Apple is rumored to be launching a giant new iPad to replace your television, and it likely will be called iPanel. Calling it a TV limits the perceived breadth of the device, and iTV is already owned by UK TV). Plus the branding of the existing (and ailing) AppleTV wasn’t consistant with Apple’s rhythmic and simple mega-branding: “give it a P word and slap an i at the beginning.”
The flat HDTV screen is reportedly 50 inches, the price may be as high as $1600, it will include built-in wifi for streaming, it may include Siri to augment your remote control, and it’s being positioned as “more than TV.”
But don’t get in line yet at an Apple store… the iPanel may not launch until 2014.
“There hasn’t quite been this much hype, intrique and mystery around an Apple product since the first iPad,” reports CNet about Apple’s second attempt at television. CNet has a roundup of rumors based on talking to suppliers, manufacturers and Apple insiders.
How do you know when it’s coming soon? Someone from TechCrunch will find a giant iPanel accidentally abandoned carelessly at a bar. Really that happens.
Here’s what we’d like to see. If Jobs was still around, the device would include most these elements and a few more surprises we don’t know we want/need.
- The user-interface best-practices of AppleTV, iTunes and the latest round of iPads, iPhones and iPods. CableTV boxes are so horribly painful to use that we’d be happy to bump them. Our TiVo replaces one of our three cable boxes.
- Streaming everything via iTunes cloud, but also non-clunky full access to CableTV features like premium, on demand content. This should overlay and augment Cable unless Apple wants to replace it entirely by bundling live content. Going that route would force Comcast and Verizon to evolve its circa 2002 boxes.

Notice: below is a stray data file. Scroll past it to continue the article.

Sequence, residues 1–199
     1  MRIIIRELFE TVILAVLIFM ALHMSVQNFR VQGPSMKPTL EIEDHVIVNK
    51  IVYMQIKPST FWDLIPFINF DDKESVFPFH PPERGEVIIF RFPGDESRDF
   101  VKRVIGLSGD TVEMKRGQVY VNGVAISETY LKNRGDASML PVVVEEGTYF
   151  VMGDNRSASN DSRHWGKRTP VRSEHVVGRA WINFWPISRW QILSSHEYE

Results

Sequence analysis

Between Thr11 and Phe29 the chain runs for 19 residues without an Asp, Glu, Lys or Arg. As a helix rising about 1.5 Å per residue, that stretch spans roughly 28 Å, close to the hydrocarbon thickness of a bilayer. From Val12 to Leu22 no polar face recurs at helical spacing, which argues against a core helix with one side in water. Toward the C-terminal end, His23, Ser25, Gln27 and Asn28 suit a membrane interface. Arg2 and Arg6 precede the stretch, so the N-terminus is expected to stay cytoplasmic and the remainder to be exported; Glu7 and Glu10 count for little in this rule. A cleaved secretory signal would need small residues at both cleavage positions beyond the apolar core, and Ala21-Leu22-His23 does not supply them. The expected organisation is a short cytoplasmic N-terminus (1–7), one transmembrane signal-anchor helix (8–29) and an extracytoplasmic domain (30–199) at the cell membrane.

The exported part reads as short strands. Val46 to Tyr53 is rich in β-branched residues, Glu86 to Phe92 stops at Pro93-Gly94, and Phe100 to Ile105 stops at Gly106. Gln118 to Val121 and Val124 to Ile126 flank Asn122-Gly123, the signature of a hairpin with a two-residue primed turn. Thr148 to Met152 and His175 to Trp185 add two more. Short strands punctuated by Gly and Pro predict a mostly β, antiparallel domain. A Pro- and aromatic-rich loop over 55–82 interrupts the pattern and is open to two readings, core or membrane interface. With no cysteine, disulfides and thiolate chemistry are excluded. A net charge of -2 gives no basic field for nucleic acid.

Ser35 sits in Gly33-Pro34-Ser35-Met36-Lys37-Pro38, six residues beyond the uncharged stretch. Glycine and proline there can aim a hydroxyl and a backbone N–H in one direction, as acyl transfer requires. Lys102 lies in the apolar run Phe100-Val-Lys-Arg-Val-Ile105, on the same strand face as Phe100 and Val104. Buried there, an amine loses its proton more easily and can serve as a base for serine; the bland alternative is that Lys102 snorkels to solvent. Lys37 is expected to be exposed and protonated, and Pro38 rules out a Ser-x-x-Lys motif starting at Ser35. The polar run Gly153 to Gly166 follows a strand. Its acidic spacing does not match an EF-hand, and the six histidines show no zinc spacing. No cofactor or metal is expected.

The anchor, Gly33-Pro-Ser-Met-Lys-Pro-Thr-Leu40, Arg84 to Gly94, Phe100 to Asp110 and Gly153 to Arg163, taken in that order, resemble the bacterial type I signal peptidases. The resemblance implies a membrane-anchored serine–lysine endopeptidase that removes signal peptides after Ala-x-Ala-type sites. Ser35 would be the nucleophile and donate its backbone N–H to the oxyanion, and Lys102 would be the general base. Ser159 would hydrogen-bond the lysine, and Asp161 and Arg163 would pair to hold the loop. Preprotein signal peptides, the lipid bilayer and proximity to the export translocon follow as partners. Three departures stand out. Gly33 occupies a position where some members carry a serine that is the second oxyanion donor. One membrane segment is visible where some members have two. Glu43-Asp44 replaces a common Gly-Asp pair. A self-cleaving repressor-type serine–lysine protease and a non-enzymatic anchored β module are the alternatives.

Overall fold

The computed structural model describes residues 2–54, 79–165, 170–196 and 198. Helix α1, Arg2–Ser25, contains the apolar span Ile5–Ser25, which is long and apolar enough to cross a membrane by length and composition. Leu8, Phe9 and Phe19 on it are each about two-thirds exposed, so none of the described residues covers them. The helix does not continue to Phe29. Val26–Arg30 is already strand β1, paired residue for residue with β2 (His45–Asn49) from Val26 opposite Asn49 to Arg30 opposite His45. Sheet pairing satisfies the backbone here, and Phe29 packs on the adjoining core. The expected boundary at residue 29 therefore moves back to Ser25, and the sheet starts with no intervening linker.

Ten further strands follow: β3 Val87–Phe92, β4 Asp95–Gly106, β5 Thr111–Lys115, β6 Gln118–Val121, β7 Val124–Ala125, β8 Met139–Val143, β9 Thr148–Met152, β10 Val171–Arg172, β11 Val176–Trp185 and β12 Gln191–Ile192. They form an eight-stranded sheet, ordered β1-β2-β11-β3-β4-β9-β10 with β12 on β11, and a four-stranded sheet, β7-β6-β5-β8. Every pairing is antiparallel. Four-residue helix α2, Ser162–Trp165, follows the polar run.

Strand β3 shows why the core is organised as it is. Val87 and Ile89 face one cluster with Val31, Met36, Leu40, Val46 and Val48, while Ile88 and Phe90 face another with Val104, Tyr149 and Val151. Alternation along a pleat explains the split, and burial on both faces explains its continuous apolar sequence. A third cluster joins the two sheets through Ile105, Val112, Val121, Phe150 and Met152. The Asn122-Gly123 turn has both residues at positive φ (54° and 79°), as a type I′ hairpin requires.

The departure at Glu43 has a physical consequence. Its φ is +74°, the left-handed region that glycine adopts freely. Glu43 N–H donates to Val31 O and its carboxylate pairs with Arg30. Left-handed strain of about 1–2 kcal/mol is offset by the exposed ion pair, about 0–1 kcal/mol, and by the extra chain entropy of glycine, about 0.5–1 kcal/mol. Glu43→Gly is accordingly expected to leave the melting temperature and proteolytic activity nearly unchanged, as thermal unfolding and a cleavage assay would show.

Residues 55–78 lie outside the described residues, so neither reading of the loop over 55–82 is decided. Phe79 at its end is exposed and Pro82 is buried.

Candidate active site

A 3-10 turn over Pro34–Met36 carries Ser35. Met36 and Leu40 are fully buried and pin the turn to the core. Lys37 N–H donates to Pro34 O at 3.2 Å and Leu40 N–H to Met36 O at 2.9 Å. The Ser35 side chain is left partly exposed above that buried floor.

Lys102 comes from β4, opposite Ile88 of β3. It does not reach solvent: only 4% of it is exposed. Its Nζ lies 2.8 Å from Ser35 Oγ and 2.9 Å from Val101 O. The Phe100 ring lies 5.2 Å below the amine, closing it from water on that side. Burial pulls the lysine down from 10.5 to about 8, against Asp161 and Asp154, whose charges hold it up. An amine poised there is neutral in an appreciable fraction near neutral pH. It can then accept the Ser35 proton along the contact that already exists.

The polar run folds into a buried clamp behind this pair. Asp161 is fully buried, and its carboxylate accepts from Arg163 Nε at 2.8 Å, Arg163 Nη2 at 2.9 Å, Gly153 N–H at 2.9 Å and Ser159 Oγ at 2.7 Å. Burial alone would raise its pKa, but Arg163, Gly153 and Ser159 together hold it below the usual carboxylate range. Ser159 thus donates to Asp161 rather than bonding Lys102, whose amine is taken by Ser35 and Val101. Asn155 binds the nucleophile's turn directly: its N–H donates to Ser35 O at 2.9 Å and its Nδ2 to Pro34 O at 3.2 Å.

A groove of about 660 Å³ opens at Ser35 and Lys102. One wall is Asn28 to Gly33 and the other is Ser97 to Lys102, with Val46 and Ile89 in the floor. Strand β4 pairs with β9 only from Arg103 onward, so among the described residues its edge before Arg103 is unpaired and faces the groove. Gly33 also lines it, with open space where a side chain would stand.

- Absolute seamless portability of our content, which even includes some vintage DVDs (but we’ve phased out the VHS tapes, thank you very much)
- Complete integration with laptop and mobile devices, which should act as remote controls at any location. For instance, my kids love that they can connect their iPads, iPhones and iPads to a dedicated wifi in our home, which allows them to stream their music to an “always on” stereo. We’d expect our iPhone to remotely search and subscribe to content for viewing later.
- Most importantly, we want a small device (like the cute, tiny AppleTV) that also offers all or most of these functions. If Apple requires us to purchase the damned 50-inch monitor the iPanel will have a painfully slow growth curve. People replace television sets currently more frequently than before — every few years instead of decade. But we’re not going to ditch all of our HDTVs to place an iPanel in every room.
I’ve always felt alone in my appreciation for the AppleTV, which never caught on. However I do seem to be using it less and less since the overhaul in the past year or so. It’s far more evolved than Verizon’s crappy Motorola boxes, but it forces me to buy TV shows instead of rent or watch “all you can eat” with a monthly subscription (like CableTV, Hulu or Netflix). I believe that Apple, if it wants to boldly innovate the TV experience, will have to either partner with Cable providers, Netflix, and Hulu… or more likely dissintermediate them if industry players, the FCC and the government (antitrust laws) permit.
The technology will be the easy part for Apple, which could launch a 50-inch iPad tomorrow. To make it game changing, the content producers and networks will have to cooperate. And a bold play for movies and television obviously won’t be as easy as setting up an iTunes music store.